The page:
Exciting news from our program as we recently announced we’re expanding the search for new drugs to treat deadly diarrhea in partnership with our colleagues at Saint Louis University’s Center for World Health and Medicine. Bioresearch Online

A new initiative, at once “ambitious and overdue,” seeks to close the gap in treating pediatric HIV by pooling the resources of industry, civil society, and government. Science Speaks

Pharmaceutical companies attempt to tackle the lack of treatments for children with HIV by producing more child-appropriate formulations and sharing intellectual property. The Washington Post

An innovative, integrated approach to deadly diarrhea could mean a brighter future for children in the poorest, most rural regions of Africa. The Guardian

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Shared goals to accelerate drug discovery

Guest post was contributed by Marvin Meyers, PhD, who directs medicinal chemistry for the Center for World Health and Medicine (CWHM) at Saint Louis University.

Interventions for diarrheal disease include vaccines, ORS, and safe, new, effective drugs

A few months ago, this blog provided an overview of the drug discovery and development process. What is very clear is that, while drug discovery is a very difficult and risky business, the potential benefit for millions of people worldwide makes it all worthwhile. Large pharmaceutical companies have significant resources to help absorb the failures that are inevitable in the drug discovery business. As nonprofit groups working to discover new drugs for diseases in developing countries, we need to do everything in our power to minimize the risk for failure and improve the likelihood for success. This requires partnering between groups that have complementary expertise and resources.

Moving beyond the lab bench

CWHM at Saint Louis University is a relatively new player in the rapidly expanding “academic drug discovery center” phenomenon. Formed in 2010, CWHM is made up of a group of drug discovery scientists with more than 200 years of collective experience in the pharmaceutical industry. This group is essentially a complete drug discovery project team embedded in an academic environment, with expertise in translation of basic science into new drug candidates for clinical trials.

This model of a drug discovery team in an academic environment takes advantage of CWHM’s expertise in drug discovery—that is, the teamwork and scientific proficiency needed to successfully identify a potential new drug. However, to be truly successful, CWHM needed collaborators that have expertise in 1) the broad spectrum of diseases that directly affect people in low-resource settings and 2) the design and execution of clinical trials. This is why partnering with PATH through its Drug Development program is critical to the successful identification of a new antidiarrheal drug. PATH has the expertise in both diarrheal diseases and implementation of clinical trials for potential new antidiarrheal drugs.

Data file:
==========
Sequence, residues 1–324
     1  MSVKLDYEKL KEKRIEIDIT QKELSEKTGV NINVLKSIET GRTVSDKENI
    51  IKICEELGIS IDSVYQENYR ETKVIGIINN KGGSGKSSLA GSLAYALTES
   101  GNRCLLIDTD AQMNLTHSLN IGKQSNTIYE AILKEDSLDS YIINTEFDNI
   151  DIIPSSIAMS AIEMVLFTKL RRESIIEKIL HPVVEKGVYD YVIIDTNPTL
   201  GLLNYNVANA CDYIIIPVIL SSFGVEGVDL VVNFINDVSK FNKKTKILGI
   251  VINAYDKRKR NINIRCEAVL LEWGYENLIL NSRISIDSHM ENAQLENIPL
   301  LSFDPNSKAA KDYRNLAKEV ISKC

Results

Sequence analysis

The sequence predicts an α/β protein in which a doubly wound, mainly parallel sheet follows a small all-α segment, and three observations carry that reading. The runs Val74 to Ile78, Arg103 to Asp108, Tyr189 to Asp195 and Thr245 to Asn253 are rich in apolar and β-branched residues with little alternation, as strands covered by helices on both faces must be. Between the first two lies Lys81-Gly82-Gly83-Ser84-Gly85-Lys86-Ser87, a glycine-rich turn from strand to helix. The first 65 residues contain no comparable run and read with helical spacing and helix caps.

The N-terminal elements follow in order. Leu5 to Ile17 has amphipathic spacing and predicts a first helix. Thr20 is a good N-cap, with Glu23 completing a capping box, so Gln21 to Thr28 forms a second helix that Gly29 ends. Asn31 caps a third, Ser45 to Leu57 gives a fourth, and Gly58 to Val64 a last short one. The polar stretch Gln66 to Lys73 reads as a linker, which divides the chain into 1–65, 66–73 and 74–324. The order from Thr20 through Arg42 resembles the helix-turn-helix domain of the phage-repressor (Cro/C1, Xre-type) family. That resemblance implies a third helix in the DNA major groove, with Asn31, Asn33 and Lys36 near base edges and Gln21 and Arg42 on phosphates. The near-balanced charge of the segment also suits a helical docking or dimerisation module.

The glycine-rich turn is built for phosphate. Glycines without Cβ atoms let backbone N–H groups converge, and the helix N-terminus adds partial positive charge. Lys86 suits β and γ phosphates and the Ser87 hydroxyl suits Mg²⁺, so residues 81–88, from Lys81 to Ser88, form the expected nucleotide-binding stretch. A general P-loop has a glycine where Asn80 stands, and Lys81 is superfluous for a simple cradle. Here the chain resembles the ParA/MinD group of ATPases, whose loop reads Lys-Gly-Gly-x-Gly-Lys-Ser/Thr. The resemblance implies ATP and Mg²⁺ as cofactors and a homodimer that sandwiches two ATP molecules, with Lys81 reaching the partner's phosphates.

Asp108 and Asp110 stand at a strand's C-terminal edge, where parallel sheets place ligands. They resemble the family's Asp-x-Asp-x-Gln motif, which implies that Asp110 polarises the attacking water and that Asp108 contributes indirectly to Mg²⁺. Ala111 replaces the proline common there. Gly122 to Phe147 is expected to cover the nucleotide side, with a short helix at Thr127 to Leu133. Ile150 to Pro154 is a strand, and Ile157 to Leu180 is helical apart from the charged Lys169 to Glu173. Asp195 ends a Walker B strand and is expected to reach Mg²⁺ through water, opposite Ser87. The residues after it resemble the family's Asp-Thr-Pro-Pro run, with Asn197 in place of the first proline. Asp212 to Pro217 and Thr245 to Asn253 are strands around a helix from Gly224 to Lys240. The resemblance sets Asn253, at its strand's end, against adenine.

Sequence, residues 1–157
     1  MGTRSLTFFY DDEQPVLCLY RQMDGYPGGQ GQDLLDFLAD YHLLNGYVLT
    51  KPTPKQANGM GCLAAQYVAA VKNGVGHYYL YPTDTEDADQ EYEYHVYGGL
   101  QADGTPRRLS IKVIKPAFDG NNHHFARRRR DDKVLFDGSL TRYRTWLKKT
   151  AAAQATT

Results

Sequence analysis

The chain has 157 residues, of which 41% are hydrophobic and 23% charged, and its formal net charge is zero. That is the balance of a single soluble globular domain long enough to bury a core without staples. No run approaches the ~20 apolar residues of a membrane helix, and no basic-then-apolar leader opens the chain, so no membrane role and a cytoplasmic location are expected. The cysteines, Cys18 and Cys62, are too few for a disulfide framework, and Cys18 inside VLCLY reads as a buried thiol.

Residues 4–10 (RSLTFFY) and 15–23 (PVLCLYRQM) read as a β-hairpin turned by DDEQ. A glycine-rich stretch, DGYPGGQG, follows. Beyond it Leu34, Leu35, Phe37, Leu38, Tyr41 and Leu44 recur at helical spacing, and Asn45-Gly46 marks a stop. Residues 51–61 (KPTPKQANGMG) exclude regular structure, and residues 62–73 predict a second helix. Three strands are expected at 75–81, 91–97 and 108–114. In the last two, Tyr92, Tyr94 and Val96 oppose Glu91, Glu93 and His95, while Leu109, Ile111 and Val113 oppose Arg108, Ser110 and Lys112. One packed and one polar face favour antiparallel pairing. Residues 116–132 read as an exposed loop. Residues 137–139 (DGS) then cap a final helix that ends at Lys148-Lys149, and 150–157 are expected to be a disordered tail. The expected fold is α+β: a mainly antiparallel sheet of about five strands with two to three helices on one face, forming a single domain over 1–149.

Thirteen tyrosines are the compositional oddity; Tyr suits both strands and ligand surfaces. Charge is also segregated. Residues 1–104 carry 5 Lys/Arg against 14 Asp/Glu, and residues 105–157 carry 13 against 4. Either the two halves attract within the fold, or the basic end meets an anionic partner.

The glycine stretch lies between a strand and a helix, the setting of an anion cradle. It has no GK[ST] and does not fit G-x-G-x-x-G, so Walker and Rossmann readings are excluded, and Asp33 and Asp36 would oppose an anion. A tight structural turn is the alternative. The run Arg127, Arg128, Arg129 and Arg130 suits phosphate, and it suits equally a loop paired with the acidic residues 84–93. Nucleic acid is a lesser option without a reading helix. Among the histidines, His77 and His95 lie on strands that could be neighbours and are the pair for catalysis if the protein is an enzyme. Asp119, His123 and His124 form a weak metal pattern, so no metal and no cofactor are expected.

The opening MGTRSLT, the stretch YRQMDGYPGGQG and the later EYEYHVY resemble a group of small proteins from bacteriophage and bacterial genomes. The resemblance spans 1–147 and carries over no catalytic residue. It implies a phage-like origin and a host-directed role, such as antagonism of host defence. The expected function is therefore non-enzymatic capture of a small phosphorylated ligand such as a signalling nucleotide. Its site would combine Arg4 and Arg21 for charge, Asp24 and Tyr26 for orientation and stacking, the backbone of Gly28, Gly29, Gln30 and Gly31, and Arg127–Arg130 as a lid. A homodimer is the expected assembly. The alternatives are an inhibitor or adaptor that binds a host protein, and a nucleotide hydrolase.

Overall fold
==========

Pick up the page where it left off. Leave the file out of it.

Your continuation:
Targeting diarrheal disease

In 2010, CWHM initiated a project that sought to reposition high-quality inhibitors of neutral endopeptidase (NEP) that had previously failed to reduce blood pressure in clinical trials, yet were demonstrated to be safe for humans. We established preclinical models of diarrhea and began investigating NEP inhibitors for antidiarrheal effect in those models.

Early on, we partnered with PATH’s Drug Development program to advance this project. Our collaboration was instrumental in guiding our efforts at a very early stage, and helped to focus our efforts in a manner that kept the need for a clinically relevant agent at the forefront of our thoughts. After working together for a little over two years, we have now identified three high-quality clinical compounds that have demonstrated antidiarrheal effects in preclinical models.

Maximizing impact

What has contributed to our success is teamwork. We discuss results and strategy monthly with our drug development colleagues at PATH. This ensures that our efforts are aligned with the common goal: to identify an excellent treatment for acute secretory diarrhea that will be widely available and convenient for those who need it so that it becomes a drug that will be used to save lives.

The best way to prevent needless deaths from diarrhea in developing countries is through a productive and synergistic team effort that combines the strengths of each partner. As we continue our partnership with PATH, we are eager to see what other successes we can achieve together.

Photos: PATH, except for bottom right, Jonathan Torgovnik©.

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Drug development news digest—May 2014

Some common themes emerge in our round-up of global health news from the month of May. For instance, two stories expose the virulent nature of cholera devastating two different regions of the world. In another two stories, India takes center stage, as the health inequities between urban and rural, rich and poor are explored. See what other common threads emerge in the selection of stories below.

For over a century, no cases of cholera were reported in Haiti. By 2014, the rate of infection represented nearly one in every 15 people in the country, with over 8,500 Haitians killed. The stark reality of the introduction and rapid spread of the disease is explored. Foreign Affairs